Among the new treatments being developed are those that use genetically engineered viruses to target a unique mutation specific to a type of cancer. Using a malignant cell's own DNA to replicate, the virus invades the cell and multiplies to the point where it ultimately destroys the cancerous cell while leaving healthy cells unharmed. Yet most tests that search for cancer's genetic markers in the blood are experimental and have yet to be used successfully in a clinical setting.

Even with the anticipated advances, blood tests will likely always be a doubleedged sword when it comes to diagnosing and determining proper treatment, says Zarychanski.

And he should know. In addition to being a respected hematologist and scientist, Zarychanski is also Director of the Knowledge Synthesis platform at the George and Fay Yee Centre for Healthcare Innovation, a role that involves evaluating the latest medical research, including, but not limited to, the efficacy of blood tests. To his expert eyes, a blood test is a powerful tool, but it must be used cautiously. "There are always two sides to the coin when it comes to all our advances with blood tests," he says.

Except in instances of screening, patients usually present symptoms first before a blood test can be used effectively - essentially confirming a physician's suspicion.

An example of the potential problems that can arise is the tale of the prostate specific antigen blood test (PSA). In the past, PSA testing was recommended and routinely performed to detect prostate cancer. "The belief was that if we could detect prostate cancer earlier, deaths could be reduced," says Zarychanski.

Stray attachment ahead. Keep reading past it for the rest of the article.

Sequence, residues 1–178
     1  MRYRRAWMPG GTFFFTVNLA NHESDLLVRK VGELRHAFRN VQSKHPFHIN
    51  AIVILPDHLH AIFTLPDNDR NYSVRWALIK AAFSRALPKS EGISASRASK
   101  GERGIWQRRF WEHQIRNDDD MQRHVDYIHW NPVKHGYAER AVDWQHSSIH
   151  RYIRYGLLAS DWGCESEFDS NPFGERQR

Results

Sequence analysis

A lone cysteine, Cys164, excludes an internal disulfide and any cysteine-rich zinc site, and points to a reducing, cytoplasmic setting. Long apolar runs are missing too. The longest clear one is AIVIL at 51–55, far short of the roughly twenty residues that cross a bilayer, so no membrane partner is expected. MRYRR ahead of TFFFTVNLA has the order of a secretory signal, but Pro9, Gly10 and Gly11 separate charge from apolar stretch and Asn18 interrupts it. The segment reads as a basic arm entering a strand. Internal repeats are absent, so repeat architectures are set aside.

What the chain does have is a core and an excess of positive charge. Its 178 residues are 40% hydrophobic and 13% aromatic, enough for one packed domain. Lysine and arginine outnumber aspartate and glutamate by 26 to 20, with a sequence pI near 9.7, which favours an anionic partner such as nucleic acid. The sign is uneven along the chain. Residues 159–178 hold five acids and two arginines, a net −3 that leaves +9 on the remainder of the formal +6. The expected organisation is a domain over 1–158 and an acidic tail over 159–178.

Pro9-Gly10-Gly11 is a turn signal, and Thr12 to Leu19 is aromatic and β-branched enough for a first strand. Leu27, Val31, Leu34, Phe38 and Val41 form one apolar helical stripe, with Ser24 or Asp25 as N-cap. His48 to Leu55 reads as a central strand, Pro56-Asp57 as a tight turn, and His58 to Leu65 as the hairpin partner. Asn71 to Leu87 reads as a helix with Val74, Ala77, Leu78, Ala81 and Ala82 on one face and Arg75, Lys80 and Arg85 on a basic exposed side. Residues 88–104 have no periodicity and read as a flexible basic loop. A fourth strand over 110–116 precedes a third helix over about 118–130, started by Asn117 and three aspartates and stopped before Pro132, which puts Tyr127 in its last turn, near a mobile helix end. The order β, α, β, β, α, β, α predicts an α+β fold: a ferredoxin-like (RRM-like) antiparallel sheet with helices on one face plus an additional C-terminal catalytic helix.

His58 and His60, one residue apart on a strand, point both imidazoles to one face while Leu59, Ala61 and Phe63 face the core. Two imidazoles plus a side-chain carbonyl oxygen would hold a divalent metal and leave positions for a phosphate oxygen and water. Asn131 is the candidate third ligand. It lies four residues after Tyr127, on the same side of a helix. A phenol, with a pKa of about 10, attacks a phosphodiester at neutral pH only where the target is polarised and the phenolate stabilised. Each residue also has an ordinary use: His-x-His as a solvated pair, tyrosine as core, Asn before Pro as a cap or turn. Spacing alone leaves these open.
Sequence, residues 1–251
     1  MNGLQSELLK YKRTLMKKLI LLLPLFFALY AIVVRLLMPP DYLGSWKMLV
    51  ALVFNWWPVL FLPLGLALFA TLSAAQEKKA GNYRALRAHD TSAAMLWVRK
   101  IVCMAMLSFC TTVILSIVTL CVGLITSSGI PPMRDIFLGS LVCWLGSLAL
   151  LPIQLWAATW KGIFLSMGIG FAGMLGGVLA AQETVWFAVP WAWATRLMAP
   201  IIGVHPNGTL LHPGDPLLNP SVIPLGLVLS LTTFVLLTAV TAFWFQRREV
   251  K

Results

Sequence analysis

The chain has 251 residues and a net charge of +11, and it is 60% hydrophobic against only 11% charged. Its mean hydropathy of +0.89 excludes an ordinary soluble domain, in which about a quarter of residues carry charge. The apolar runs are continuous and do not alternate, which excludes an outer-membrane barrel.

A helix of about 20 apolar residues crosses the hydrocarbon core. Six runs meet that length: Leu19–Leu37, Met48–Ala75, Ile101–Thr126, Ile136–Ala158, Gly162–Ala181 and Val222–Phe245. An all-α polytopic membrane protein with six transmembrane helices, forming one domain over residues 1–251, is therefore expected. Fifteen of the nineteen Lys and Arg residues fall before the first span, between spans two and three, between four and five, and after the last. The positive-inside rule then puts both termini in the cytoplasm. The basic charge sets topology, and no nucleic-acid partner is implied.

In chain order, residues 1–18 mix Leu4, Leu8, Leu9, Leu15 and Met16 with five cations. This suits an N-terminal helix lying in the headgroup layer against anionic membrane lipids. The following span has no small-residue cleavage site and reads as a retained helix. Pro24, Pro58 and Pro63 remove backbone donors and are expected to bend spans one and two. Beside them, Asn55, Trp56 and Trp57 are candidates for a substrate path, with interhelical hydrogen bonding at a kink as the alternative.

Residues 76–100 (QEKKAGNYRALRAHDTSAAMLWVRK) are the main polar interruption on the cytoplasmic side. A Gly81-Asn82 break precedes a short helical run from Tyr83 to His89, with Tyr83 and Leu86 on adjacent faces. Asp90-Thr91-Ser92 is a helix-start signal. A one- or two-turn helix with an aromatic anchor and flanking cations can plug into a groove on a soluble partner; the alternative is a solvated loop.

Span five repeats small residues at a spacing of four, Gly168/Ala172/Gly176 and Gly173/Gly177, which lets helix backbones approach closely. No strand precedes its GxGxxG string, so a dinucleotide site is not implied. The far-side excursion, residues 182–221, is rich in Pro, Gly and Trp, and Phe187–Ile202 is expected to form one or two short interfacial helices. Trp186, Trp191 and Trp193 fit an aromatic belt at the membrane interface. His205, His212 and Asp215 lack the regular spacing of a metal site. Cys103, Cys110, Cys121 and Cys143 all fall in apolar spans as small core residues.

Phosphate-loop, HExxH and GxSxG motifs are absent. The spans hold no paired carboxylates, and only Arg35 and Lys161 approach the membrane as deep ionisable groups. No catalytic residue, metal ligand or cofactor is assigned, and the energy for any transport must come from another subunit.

"Doctors embraced the testing and men over the age of 50 lined up to have their PSA measured. But then several randomized controlled trials (the type of trials that produce the highest quality of evidence to inform decision-making) were performed that concluded PSA has minimal to no ability to reduce mortality from prostate cancer, and that the benefits of routine screening are likely outweighed by the potential harms to quality of life."

In other words, screening results in an increase of unnecessary and invasive biopsies that lead to overdiagnosis of low-grade cancers that are not otherwise likely to progress to symptomatic disease.

In many cases, these men are offered treatments, such as surgery or radiation therapy. While biopsies are associated with pain, anxiety, discomfort and risk of infection, common complications of surgery include incontinence and impotence.

"So at end of this medical adventure, this blood test must be good, right? asks Zarychanski rhetorically. "Not in the majority of men," he says.

"So the recommendation now, a recommendation based on high-quality evidence instead of our collective wish to do good, is not to routinely screen for PSA," he says. "Instead, the test is best reserved to investigate concerning symptoms and only after patients fully understand the risks and benefits of PSA screening." A discussion with your doctor is required prior to testing.